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Pot of Gold

Joseph Brodsky has a nose for great coffee. It led him all the way to Ethiopia, in search of the Geisha.

If the group has discovered anything, it's the daunting odds stacked against them, the colossal unlikelihood of locating any specific kind of coffee in the middle of an Ethiopian forest, much less the Geisha.

On the penultimate day of the expedition, the Land Cruisers stop at a coffee research center, the only one of its kind in the country. Here, lab-coat-clad scientists drop a gasp-eliciting bombshell: The thousand coffee genotypes growing at the research center represent just a tiny fraction of Ethiopia's coffee biodiversity. The rest are complete mysteries, tens of thousands of beans growing in village farms and sprawling jungles that are blended into obscurity or never tasted at all. And no one knows how many nameless coffee tastes have already been lost to the country's widespread deforestation. Even if the wild Geisha still exists in some untouched corner of Ethiopia, differentiating it from all the other genotypes will be a daunting task.

Then the scientists deliver an additional blow: They've found records confirming that the town of Gesha, near Mizan Teferi, where the group stopped near the beginning of the trip, is probably the most likely location of the wild Geisha. The rest of the itinerary may have been a wild goose chase.

On the long drive back to Addis Ababa, Brodsky quietly gazes out the Land Cruiser's window, pondering these setbacks. O'Keefe interrupts his resigned contemplation to show him something remarkable: They are cruising down a road paved with coffee. Beneath their wheels, dried coffee cherries are strewn across the asphalt. It's a grassroots, four-wheeled de-husking operation, they realize, the road-killed remains roasted and sold by locals to drowsy drivers. All over the world, O'Keefe marvels, wealthy plantation owners are spending millions to replicate the kinds of coffee occurring naturally in Ethiopia, while here struggling farmers must resort to processing these perfect beans through highway hit-and-run.

"It's like the Panamanians are working hard to get to the moon, and they get there, and the Ethiopians are already there, essentially by accident!" O'Keefe exclaims over the vehicle's warbling cassette player. If he has his way, however, Ethiopia's coffee will soon rise above the asphalt.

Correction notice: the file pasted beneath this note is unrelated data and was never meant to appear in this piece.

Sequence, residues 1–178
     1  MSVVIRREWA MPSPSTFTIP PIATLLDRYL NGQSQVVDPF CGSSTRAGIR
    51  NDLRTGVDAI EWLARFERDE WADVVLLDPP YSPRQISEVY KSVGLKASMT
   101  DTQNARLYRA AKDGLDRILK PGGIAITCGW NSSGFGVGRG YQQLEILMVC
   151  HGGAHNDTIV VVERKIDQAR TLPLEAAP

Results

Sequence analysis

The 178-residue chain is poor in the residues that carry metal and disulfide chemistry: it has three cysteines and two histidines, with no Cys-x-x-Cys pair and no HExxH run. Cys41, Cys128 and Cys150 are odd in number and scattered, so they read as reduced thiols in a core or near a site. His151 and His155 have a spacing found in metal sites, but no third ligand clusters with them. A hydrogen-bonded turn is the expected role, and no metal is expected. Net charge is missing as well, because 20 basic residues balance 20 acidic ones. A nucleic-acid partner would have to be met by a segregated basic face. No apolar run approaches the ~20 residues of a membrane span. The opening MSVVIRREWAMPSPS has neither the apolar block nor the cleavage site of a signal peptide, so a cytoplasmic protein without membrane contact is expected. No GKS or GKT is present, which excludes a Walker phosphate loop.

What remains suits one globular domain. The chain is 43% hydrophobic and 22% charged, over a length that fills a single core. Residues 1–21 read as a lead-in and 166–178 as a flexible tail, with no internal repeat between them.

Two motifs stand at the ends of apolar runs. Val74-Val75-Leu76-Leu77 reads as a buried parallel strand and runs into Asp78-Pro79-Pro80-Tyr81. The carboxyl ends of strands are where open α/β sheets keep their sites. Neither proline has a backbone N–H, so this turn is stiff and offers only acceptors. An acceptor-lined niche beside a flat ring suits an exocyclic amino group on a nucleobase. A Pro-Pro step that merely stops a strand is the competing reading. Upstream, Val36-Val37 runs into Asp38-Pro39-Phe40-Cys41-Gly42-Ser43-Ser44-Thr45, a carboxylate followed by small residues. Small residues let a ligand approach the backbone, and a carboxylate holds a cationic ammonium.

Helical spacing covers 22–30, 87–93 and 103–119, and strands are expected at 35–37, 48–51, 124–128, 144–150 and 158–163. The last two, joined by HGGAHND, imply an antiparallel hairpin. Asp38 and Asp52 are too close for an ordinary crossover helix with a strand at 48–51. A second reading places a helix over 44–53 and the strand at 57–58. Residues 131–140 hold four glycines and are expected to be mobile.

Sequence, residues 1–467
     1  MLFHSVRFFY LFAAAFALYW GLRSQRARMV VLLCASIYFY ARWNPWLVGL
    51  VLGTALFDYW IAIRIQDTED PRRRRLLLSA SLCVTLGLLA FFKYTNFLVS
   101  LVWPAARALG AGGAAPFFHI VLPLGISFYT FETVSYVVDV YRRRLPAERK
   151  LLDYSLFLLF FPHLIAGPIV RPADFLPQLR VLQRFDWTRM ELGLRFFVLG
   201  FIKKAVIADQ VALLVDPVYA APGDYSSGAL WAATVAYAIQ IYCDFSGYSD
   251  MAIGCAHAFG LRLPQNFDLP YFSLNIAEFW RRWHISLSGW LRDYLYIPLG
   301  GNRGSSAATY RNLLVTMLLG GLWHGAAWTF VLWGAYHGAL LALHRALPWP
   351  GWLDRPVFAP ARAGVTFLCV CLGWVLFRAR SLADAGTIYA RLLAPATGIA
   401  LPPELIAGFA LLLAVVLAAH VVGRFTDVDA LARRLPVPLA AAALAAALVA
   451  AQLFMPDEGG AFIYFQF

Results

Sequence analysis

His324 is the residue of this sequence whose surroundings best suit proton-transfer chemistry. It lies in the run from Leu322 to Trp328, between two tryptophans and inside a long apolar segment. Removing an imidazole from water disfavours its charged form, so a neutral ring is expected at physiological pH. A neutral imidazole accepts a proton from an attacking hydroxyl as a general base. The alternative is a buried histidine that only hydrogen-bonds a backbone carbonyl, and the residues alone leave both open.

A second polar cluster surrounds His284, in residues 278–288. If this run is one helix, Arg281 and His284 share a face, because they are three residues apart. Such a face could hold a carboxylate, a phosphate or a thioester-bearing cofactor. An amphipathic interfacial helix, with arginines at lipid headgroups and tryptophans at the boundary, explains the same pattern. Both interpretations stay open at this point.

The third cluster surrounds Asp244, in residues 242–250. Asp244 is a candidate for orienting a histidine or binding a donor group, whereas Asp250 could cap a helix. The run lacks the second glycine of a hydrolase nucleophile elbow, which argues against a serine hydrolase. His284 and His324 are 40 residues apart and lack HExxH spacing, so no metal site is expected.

Unlike the rest of the expedition, O'Keefe has accomplished his mission on this trip. Working under Boot for USAID, he's probed the tastebuds of dozens of Ethiopians, running them through a gauntlet of sweet, salty and sour-tasting liquids to unearth the top two "super tasters" of the bunch. This duo will staff southwestern Ethiopia's first-ever cupping lab, slurping and grading and differentiating the coffees produced by the region's tens of thousands of farmers. He's not aiming to turn Ethiopians into java snobs; the cupping lab is the first step toward introducing a vital element long lacked by Ethiopia's coffee industry: quality control.

"We have a historic opportunity on our hands to help millions of farmers worldwide," O'Keefe exclaims. "We have roasters who are developing their consumer market, and consumers who are becoming more and more sophisticated and willing to pay more and more for coffee. Ethiopia has the opportunity to completely get rid of its commodity-coffee market and focus on specialty coffee, just by learning to select out their coffee and present it to the market."

When he holds forth on how quality coffee can revolutionize Ethiopia, O'Keefe sermonizes with the passion of a slurper who's seen the light. He envisions coffee roasters like Brodsky cutting out price-gouging middlemen, uniting directly with the Ethiopian farmers and contractually promising them a hefty bonus if, through careful picking and processing, they produce exquisite-tasting beans. In response, he imagines farmers cultivating beans so vibrant, so perfect, that the farmers cast off the debilitating yoke of the commodity-coffee market and set their own exclusive prices. He pictures an Ethiopia blossoming with twenty, forty, sixty different niche coffee markets, each in lucratively high demand. And he predicts the current concept of fair-trade coffee, the idea of consumers paying a premium to insure a certified minimum bean price, going where it belongs: into the trash with yesterday's grounds.

"Fair trade is charity," he preaches, words swelling with fury. "It does not reward the individual farmer who is industrially working on his land and doing a better job than his neighbor. Under fair trade, all farmers are paid the same. If everybody gets paid the same, there is no motivation to improve the coffee."

Brodsky joins the discussion, a convert who's caught the spirit. "The past two days, there have been all these ideas going through my head," he admits. Yes, the group didn't find the Geisha, but maybe it's not the plant that's important, it's what it symbolizes. Maybe, he persists, "the Geisha is a rallying point, to rally your forces around the most flavorful, fruity and expressive varieties." Maybe it's time to raise this banner, inspiring roasters and farmers alike to launch a caffeinated crusade into this Holy Land of coffee, to seek out dozens of undiscovered buna beans that will put the Geisha to shame.

Flush with enthusiasm, O'Keefe and Brodsky ask their driver to pull over. The pontificating has made them hungry, and there are some fine-smelling corncobs being roasted on the side of the road. As women crowd around, the faranjis trade Ethiopian birr for corn, mangoes and sugarcane. No one buys the road-killed coffee.

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